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Rattle-can Racer

This is a discussion on Rattle-can Racer within the Project Builds forums, part of the Caferacer.net Forums category; Hi folks, been lurking for a while, decided to post up my newest project, finally say hi. Living in Quebec we are neither blessed with ...

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  1. #1
    Member jordan's Avatar
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    Rattle-can Racer

    Hi folks, been lurking for a while, decided to post up my newest project, finally say hi.
    Living in Quebec we are neither blessed with good roads, nor an abundance of race tracks, so don’t expect anything pretty to look at.

    So this is hopefully going to be completed by easter, or not so long after.
    Wanted to buy a few T500 parts, but the fellow made me a deal for everything so he could clear out some space.
    The idea here is a quick finish, fun little track days bike. Not trying to make it race legal, just something to beat around the track a few times a year. Most of the work was already done so inspection and tune up should be all that’s required.



    Starting with a standard t500 frame, braced and been cut off about 12” past the rear shock mounts. Early fz600 forks, twin disk brakes with a nicely seized calliper somewhere. Fairing is a little rough, but it’ll do, maybe a new windscreen will be needed.
    Needs a front fender and an inner rear fender at the least. Also needs a belly pan, to be made at some point.

    To the engine, twingle crank out. [ing]https://uploads.tapatalk-cdn.com/20180217/60fac87476c5474636f452303750467b.jpg[/img]
    Standard crank in and kickstart back in. (For now)

    I then proceeded to snap off one of the screws holding the seal over the output shaft...

    After a few man tears, a bottle of blonde des Cantons from the local micro brewery, it was time to bust out the welder.

    Best use for header wrap, heat proofing anything but headers...
    45 minutes, and 7 attempts later i was rewarded with this.

    Time to get everything buttoned up to check squish clearance.

    Interestingly, the engine was put together with a single ring per piston

    Got 2 sets of fresh rings ordered, don’t think this motor will see any of the advantages of running single ringed. Any 2 stroke experts have any insight?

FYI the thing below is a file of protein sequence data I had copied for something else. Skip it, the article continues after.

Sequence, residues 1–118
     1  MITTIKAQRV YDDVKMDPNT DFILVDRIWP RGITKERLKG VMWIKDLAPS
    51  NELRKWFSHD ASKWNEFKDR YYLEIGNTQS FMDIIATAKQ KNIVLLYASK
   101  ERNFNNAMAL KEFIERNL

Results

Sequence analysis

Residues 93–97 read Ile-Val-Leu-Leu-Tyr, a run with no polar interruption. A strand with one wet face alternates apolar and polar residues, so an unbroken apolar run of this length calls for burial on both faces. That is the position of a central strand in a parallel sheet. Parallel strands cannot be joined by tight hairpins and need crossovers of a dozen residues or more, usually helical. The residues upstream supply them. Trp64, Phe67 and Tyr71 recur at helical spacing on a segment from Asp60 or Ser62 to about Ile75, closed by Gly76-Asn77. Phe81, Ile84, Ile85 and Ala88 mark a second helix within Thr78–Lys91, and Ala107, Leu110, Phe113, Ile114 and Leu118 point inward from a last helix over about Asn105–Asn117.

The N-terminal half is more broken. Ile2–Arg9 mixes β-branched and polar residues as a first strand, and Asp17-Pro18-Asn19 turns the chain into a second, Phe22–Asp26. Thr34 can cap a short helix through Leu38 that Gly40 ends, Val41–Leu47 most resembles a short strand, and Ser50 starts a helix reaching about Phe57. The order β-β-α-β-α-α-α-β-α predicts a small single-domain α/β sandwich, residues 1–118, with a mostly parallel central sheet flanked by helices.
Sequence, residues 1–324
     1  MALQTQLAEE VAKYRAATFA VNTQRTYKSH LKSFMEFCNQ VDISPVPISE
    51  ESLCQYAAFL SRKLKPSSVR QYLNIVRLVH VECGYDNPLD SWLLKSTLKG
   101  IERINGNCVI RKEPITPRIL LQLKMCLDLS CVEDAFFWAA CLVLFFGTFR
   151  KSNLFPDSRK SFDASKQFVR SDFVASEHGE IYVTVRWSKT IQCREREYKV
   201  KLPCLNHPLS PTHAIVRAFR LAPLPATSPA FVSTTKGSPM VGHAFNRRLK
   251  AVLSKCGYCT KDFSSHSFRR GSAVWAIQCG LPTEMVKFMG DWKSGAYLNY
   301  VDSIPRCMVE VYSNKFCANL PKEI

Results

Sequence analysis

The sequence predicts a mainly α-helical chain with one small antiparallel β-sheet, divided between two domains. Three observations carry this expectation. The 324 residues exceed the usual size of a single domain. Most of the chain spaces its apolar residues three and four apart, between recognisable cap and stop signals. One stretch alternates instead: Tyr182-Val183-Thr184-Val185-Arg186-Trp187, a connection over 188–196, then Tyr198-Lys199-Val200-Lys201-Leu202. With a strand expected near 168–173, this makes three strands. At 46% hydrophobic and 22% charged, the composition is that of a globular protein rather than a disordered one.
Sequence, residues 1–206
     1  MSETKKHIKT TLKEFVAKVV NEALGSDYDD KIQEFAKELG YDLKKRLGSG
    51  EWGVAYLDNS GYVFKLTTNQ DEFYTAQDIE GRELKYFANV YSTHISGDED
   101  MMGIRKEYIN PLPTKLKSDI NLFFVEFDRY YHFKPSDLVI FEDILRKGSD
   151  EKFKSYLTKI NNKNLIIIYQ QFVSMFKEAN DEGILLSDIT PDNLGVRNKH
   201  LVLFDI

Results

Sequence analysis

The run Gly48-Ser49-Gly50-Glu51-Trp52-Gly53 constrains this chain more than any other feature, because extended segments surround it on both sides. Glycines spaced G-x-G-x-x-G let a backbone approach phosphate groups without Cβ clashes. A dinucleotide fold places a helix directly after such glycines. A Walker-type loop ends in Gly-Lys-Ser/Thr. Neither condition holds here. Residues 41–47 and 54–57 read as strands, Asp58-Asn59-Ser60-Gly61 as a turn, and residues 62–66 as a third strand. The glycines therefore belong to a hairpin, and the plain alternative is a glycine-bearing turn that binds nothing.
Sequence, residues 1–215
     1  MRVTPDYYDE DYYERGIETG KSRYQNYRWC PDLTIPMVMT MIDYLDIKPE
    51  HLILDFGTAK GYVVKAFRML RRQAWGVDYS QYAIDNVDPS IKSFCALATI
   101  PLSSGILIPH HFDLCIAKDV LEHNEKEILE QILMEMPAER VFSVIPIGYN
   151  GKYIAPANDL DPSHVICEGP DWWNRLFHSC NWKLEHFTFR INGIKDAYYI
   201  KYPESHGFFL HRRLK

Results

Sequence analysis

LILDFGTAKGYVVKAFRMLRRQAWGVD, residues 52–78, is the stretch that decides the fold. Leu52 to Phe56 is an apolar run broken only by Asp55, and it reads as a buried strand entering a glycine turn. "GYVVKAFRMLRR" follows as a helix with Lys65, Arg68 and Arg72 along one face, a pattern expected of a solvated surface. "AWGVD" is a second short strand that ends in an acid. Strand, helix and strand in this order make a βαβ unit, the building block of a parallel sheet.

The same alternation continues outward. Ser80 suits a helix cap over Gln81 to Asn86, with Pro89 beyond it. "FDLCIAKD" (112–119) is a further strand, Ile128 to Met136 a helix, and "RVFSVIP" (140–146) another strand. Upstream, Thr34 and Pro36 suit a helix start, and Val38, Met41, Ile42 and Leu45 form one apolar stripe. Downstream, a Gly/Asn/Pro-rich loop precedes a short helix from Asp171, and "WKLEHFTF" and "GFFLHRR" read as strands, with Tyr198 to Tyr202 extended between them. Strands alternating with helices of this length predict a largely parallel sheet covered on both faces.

10mm squish band on the heads, roughly 50% squish area. Going to set the squish clearance somewhere between 1mm and 1.4mm.

    Cylinders seem to be ported to the old tr500 specs, going to make pipes to match.



    I do “have” these pipes,
    Unfortunately the dumbass i am left them in my uncles back yard 700km away when i picked up the stuff...
    Might try them out when he brings them at easter.

    Going with what seem to be 38mm mikunis.
    I was told one set was 36mm and another 38, but both sets i got measured the same. Not sure what they came off of, they’ll do nicely i thinks.



    Electronic Ignition is off a yamaha tr2 i believe, we’ll see how this goes.
    Any suggestions on timing?
    Going to go with the stock timing, unless suggested otherwise.


    That’s all for now, thanks for checkin in.

    Jordan
    Last edited by jordan; 02-17-2018 at 06:49 PM.

  2. #2
    Senior Member DesmoDog's Avatar
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    Quote Originally Posted by jordan View Post
    Hi folks, been lurking for a while, decided to post up my newest project, finally say hi.
    Living in Quebec we are neither blessed with good roads, nor an abundance of race tracks, so don’t expect anything pretty to look at.

    So this is hopefully going to be completed by easter, or not so long after.
    Wanted to buy a few T500 parts, but the fellow made me a deal for everything so he could clear out some space.
    The idea here is a quick finish, fun little track days bike. Not trying to make it race legal, just something to beat around the track a few times a year. Most of the work was already done so inspection and tune up should be all that’s required.